I'm pretty sure that this question is simply a matter of "Is the rogue invisible as per the invisibility spell or the greater invisibility spell?" If it's invisibility you get one attack before you're visible again at which point you are not catching your opponent flat footed. Greater invisibility keeps you invisible and therefore keeps your opponent flat footed.

Silver Crusade

Pathfinder Adventure Path, Card Game Subscriber
Sean K Reynolds wrote:


Surprise Round
Init 8: Guard surprised, takes no actions.
Init 5: Rogue attacks guard, gets sneak attack, invisibility breaks.
End of round: Nobody is flat-footed anymore.

Unless I missed a FAQ, this is wrong here. You are Flatfooted until you take your action. If the rogue goes first on the first round, the guard is still flatfooted.

Designer

Right, silly mistake, I'll edit my post to reflect that. :)


the scenario i am curious about, is in the above example, what happens on the surprise round when the rogue, realizing he did not win initiative, decides to not attack and sneaks away while still invisible, in order to come back later and try to initiate combat with a better initiative result.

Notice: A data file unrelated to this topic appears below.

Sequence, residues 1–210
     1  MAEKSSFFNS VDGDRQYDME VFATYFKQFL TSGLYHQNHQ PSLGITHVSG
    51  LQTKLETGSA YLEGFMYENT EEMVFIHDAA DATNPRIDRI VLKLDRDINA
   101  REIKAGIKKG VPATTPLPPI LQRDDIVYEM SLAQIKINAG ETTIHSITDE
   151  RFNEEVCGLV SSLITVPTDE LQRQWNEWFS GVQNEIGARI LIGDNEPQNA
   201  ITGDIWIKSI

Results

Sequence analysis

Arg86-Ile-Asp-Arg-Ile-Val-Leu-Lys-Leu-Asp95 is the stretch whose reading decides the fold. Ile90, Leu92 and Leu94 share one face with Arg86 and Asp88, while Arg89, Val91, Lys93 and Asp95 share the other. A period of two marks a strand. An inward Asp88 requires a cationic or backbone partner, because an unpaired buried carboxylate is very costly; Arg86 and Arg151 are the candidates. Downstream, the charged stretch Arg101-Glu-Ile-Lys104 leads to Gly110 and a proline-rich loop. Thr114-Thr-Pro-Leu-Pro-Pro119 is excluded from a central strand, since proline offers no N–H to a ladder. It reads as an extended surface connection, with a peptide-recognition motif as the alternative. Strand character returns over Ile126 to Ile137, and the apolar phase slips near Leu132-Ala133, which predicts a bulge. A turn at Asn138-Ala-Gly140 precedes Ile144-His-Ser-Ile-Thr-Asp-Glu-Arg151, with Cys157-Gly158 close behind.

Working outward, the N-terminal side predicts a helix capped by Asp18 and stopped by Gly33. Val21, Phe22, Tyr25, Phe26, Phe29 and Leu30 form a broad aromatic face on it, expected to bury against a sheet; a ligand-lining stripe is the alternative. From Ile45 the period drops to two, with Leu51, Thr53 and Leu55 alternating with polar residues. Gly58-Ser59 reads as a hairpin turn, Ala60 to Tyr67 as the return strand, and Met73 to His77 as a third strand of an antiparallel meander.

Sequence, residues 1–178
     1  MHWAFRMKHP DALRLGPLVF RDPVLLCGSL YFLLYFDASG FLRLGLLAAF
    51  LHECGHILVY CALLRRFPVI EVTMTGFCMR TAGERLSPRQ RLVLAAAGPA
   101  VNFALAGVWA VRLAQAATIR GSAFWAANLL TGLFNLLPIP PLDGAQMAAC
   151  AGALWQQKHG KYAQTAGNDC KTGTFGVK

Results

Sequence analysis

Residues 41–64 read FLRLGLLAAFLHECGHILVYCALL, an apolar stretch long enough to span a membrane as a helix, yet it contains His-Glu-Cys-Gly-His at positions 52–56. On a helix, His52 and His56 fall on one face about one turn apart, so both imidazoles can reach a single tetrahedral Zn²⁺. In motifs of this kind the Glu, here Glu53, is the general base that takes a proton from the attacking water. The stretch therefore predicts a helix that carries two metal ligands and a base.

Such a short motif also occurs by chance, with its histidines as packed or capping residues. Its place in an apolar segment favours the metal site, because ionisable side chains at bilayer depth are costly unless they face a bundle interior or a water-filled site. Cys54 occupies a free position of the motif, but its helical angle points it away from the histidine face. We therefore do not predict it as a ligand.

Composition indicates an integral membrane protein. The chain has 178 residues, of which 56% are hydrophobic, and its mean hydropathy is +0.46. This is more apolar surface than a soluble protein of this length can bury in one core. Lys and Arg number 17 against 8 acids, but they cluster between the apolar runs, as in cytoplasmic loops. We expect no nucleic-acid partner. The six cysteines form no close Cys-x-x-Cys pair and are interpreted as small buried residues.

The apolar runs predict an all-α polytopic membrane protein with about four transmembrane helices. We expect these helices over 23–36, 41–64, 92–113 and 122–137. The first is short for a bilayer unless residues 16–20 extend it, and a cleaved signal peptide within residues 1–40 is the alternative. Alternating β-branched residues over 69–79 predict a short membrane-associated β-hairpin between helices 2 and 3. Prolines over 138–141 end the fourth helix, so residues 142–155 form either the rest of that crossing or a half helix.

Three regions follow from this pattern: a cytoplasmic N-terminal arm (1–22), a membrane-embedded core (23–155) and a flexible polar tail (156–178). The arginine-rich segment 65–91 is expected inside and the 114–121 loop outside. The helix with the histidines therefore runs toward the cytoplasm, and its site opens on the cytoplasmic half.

in that surprise round, is the fact that you decided to attack force you to make an attack as your surprise round action? is there anything stopping you from using your 1 action to just move away and make a stealth check?


If only one person can act in the surprise round, there's no need to roll initiative until the surprise round is over.


Are wrote:

If only one person can act in the surprise round, there's no need to roll initiative until the surprise round is over.

RAW initiative is rolled at the beginning of the surprise round for everyone involved.


Yes, which leads to the exact situation you mentioned; the rogue suddenly knowing how quickly its opponent is going to react to his surprise attack, before having performed it.

Besides, even if you do roll before the surprise round, there's no need to reveal those rolls until the surprise round is over. Especially if you suspect your players will act upon knowledge they have no in-game method of knowing.


Cpt. Caboodle wrote:
concerro wrote:
You as the GM can do that, but that is not how the rules work. Flat-footed is a specific condition, just like being stunned or dazed is.
Sean K Reynolds wrote:
Your first attack breaks the invisibility. It doesn't matter if you're using TWF, natural attacks, or iterative attacks: when that first attack happens, invisibility ends, and all your other attacks are made without the benefit of invisibility.